Previously, he was on the faculty of the Tulane University School of Public Health and Tropical Medicine in New Orleans. He is the author or co-author of The Economic Realities of Political Reform: Elections and the U.S. Senate (Cambridge, 1995), David Duke and the Politics of Race in the South (Vanderbilt, 1995), Regulating Wetlands Protection: Environmental Federalism and the States (State University of New York, 2000), Elections to Open Seats in the US House: Where the Action Is (Rowman & Littlefield, 2000), and Born to Run: The Origins of the Political Career (Rowman & Littlefield, 2004). He is also the editor of The Almanac of Oklahoma Politics 1998, The Almanac of Oklahoma Politics 2000, The Almanac of Oklahoma Politics 2002 (2001), and The Political Encyclopedia of U.S. States and Regions (Congressional Quarterly Press, 2008).

 

Margaret Reid
Professor and Chair of the Department Political Science
University of Arkansas

Her research focuses on gendered workplaces, complexities involving the implementation of multi-actor policy partnerships, and sustainable domestic and international community development. She is the co-author of Glass Walls and Glass Ceilings: Women’s Representation in State and Municipal Bureaucracies (Greenwood, 2003). Her scholarly articles have appeared in Journal of Women, Politics & Policy, Administration & Society, Public Administration Review, American Review of Public Administration, Review of Public Personnel Administration, Urban Affairs Review, State and Local Government Review, Journal of Management Information Systems, Information and Management Journal of Asian and African Studies, International Journal of Tourism Research and in numerous edited works. Reid has also served as a visiting scholar at the University of Yarmouk, Irbid, Jordan, and the Clinton School of Public Service at the University of Arkansas, Little Rock.

 

Dan T. Carter
Education Foundation Professor of History Emeritus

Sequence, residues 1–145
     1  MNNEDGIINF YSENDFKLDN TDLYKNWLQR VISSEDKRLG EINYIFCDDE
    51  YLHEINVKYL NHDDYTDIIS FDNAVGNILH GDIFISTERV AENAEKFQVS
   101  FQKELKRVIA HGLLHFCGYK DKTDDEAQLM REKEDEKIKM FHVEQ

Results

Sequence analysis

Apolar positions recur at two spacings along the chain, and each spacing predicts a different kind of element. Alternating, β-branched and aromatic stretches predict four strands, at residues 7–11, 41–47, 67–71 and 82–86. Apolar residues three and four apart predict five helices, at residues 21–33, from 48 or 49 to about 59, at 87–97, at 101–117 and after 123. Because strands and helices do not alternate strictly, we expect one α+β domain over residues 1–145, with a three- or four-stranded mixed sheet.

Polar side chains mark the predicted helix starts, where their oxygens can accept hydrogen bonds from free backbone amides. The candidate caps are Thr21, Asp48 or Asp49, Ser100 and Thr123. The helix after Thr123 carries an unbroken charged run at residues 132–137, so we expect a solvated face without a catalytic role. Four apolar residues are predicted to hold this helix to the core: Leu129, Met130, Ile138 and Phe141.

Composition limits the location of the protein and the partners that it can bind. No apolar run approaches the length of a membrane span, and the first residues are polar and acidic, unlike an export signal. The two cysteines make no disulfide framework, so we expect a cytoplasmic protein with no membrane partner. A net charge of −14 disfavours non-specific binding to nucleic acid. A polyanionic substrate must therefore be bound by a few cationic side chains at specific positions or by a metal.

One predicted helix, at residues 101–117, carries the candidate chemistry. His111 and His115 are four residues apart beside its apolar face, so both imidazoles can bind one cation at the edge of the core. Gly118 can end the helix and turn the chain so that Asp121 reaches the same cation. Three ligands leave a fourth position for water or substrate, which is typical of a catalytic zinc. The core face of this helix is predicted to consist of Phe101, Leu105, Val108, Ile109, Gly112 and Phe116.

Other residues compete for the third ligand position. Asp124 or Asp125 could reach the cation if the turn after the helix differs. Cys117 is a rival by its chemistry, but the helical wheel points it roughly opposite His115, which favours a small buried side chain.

University of South Carolina

Carter currently lives in western North Carolina and is actively involved in local politics. He is the author of Scottsboro: a Tragedy of the American South (Oxford, 1969), which inspired a film based on the case, When the War Was Over: the Failure of Self-Reconstruction in the South, 1865-1867 (Louisiana State University, 1985), The Politics of Rage: George Wallace, the Origins of the New Conservatism and the Transformation of American Politics (Louisiana State University Press, 1995), and From George Wallace to Newt Gingrich: Race in the Conservative Counterrevolution, 1963-1994 (Louisiana State University Press, 1999).

 

Charles Reagan Wilson
Kelly Gene Cook, Sr. Chair of History and Professor of Southern Studies
Former Director of the Center for Southern Studies
University of Mississippi

Wilson is the author of Baptized in Blood: The Religion of the Lost Cause, 1865-1920 (Georgia, 1980) and Judgment and Grace in Dixie: Southern Faiths from Faulkner to Elvis (Georgia, 1995). He is also coeditor of the Encyclopedia of Southern Culture (North Carolina, 1989), which received the Dartmouth Prize from the American Library Association for best reference book. The Encyclopedia has been expanded into a thirteen individual volumes titled Religion, Agriculture and Industry, Geography, Myth, Manners, and Memory, Language, Foodways, Law and Politics, Music, and Gender. He is also the editor of Religion and the American Civil War (Oxford, 1998), The New Regionalism (Mississippi, 1996), and Encyclopedia of Religion in the South, 2nd ed. (Mercer, 2005).

 

Kari Frederickson
Associate Professor and Director of the Summersell Center for the Study of the South
University of Alabama

Frederickson is the author of The Dixiecrat Revolt and the End of the Solid South, 1932-1968 (North Carolina, 2001), which was the winner of the Harry S. Truman Book Award. She is the co-editor of Making Waves: Female Activists in Twentieth-Century Florida (Florida, 2003), and she wrote the new introduction for The Unexpected Exodus: How the Cold War Displaced One Southern Town by Louise Cassels, reprinted in the Southern Classics Series at the University of South Carolina Press. She is currently working on her new book manuscript entitled, “The Cold War in Dixie: Transforming the American South, 1945 to the Present.”

 

Pearl K. Ford
Assistant Professor of Political Science and African American Studies
University of Arkansas

Ford previously taught at Johnson C. Smith University in Charlotte, North Carolina. Ford is currently editing African Americans in Georgia: A Reflection of Politics and Policy in the New South to be published by Mercer University Press. She is also co-authoring a series of articles on the way in which symbolic racism influenced southern voters in the 2008 election. A native of Savannah, Georgia, she earned a B.A. in political science from Savannah State College and a Ph.D. in Political Science from Howard University.